On top of the secure aspect, you’ll also gain freedom of access when you’re traveling. Whether it’s on your laptop, a tablet, or mobile phone, your streaming can get cut short if the place you’re streaming from is geo-restricted (that is, prevents access from certain areas of the globe). A VPN allows you to connect to servers in different parts of the world, routing your services through their server as though you are physically there.
It also prevents you from being tracked, as your device’s IP address becomes that of the VPN. Since VPNs have multiple users, there’s no way to differentiate one user from the next, meaning you can remain effectively anonymous on the go or at home. Perhaps the only downside to a VPN is the cost; good ones can run up to $15 a month, though considering the extra speed and services offered, it’s usually worth investing in the good ones.
With internet access and a VPN, there’s just a matter left of the actual streaming. For that, you’ll need service.
As the market continues to expand, so too do options for quality streaming. Perhaps the most well-known service is Netflix; once a mail-in movie rental service, Netflix now offers the majority of its service online as a streaming service. Like Hulu Plus, it also offers a variety of television shows to complement its movie repertoire.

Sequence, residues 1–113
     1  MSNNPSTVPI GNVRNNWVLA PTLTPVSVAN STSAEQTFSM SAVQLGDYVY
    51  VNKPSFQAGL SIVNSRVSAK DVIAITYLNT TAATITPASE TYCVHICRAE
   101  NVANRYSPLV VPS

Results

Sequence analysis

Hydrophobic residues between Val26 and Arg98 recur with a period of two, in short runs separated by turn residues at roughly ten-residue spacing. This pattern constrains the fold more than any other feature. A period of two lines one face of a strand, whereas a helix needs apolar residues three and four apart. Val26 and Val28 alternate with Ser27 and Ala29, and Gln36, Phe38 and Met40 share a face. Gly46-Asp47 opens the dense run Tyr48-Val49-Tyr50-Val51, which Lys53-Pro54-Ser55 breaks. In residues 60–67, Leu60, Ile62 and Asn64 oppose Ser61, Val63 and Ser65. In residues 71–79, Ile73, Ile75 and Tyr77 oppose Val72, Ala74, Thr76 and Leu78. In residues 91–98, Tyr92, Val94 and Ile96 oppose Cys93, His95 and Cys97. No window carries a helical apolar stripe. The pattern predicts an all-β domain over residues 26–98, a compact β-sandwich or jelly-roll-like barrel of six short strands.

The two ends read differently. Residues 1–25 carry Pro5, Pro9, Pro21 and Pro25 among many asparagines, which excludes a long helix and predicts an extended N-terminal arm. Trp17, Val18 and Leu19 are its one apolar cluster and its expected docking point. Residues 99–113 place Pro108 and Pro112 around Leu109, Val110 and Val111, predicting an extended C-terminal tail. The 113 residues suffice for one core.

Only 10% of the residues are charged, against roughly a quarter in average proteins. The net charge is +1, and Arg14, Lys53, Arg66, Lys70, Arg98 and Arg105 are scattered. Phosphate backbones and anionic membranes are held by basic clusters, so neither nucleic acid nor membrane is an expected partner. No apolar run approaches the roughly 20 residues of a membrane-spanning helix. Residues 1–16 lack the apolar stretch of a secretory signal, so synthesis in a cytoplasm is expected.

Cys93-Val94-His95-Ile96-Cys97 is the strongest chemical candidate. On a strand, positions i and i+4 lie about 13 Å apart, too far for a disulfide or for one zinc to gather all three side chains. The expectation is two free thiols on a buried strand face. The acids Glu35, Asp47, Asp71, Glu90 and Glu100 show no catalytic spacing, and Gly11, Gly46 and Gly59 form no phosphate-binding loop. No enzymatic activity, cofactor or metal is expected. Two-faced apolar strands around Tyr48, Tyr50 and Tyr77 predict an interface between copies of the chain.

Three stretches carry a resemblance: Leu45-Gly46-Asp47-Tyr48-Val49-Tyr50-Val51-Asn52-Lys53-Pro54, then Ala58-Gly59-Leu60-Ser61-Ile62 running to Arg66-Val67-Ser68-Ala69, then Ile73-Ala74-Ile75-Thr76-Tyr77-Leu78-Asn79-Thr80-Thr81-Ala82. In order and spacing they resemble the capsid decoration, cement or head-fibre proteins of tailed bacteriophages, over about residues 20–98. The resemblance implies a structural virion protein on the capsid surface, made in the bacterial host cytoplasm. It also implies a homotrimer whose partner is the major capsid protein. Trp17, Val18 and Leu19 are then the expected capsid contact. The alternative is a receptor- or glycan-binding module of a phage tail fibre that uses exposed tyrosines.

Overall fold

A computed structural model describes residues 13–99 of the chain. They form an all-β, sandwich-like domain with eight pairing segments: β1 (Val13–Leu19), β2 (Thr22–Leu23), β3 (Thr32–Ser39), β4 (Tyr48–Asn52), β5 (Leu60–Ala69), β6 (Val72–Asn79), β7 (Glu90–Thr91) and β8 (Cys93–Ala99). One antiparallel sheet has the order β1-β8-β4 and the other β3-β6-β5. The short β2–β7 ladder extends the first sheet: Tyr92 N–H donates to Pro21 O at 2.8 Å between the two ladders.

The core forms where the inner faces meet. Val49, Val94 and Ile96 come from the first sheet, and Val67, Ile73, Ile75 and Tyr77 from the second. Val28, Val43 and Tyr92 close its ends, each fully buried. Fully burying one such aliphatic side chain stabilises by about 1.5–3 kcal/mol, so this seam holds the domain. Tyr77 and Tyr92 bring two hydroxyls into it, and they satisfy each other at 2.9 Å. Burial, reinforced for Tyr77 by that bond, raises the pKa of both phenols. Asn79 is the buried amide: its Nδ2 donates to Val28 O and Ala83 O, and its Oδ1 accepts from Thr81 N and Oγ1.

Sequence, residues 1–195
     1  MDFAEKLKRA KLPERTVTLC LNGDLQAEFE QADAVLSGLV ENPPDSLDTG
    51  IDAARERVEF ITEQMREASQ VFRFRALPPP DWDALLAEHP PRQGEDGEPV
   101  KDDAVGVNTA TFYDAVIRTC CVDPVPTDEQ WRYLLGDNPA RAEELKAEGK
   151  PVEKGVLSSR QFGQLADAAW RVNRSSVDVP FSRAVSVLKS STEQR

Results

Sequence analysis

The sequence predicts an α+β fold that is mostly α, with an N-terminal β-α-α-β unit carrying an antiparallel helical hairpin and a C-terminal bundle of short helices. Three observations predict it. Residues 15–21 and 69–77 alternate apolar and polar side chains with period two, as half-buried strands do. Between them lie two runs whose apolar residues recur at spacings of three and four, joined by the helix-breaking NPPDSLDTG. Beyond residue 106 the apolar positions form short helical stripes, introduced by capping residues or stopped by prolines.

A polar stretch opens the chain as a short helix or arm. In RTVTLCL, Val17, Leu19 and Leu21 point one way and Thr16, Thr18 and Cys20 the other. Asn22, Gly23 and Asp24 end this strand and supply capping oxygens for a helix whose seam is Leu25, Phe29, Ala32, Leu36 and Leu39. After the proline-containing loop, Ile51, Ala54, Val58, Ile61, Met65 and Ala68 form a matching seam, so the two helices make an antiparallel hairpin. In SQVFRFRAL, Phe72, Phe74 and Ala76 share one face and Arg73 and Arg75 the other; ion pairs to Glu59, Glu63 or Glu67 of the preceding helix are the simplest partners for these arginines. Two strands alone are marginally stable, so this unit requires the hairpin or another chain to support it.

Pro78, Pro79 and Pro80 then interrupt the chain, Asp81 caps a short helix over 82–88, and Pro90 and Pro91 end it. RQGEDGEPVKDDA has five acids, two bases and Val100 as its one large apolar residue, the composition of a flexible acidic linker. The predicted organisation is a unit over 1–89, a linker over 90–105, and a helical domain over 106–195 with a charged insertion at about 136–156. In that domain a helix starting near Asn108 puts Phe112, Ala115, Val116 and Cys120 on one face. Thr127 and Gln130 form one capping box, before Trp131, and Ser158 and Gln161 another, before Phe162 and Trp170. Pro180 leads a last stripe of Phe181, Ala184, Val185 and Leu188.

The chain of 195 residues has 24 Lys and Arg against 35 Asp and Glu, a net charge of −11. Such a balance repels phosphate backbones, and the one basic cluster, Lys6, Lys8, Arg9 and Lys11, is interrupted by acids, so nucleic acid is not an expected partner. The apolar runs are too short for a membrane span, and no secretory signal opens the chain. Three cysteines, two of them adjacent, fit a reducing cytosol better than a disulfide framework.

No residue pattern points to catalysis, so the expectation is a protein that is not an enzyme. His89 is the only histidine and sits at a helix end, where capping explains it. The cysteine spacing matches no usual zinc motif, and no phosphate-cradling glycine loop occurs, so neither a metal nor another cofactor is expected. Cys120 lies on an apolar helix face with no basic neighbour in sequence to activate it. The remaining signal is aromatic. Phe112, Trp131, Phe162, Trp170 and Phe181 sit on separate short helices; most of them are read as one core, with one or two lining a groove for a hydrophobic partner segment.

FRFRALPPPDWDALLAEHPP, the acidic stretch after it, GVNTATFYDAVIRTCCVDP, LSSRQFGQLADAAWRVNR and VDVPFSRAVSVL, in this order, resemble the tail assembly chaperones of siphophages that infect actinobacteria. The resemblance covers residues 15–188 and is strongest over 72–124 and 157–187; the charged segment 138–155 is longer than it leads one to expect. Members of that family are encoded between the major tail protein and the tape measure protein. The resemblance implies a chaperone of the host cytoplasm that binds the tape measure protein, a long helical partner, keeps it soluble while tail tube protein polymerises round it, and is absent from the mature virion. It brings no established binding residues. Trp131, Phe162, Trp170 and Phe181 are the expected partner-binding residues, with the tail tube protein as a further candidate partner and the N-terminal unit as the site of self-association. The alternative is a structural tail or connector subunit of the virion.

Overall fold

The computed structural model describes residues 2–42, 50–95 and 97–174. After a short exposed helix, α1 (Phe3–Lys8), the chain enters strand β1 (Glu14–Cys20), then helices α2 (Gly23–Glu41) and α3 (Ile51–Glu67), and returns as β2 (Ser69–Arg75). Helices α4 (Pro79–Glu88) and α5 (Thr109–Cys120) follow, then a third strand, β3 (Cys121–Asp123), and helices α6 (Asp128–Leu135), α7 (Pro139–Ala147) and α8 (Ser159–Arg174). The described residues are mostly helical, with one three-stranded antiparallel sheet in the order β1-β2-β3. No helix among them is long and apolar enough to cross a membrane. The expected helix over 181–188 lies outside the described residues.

Both of these services are geo-restricted, but if you’ve taken my advice and looked into a VPN, that should pose no problem. Hulu Plus and Netflix are not the only streaming options; many websites, such as Comedy Central, also offer streams of their shows at no cost. There are also apps available, and if you still have a regular television service, you may be eligible to watch on any number of your devices at no extra charge.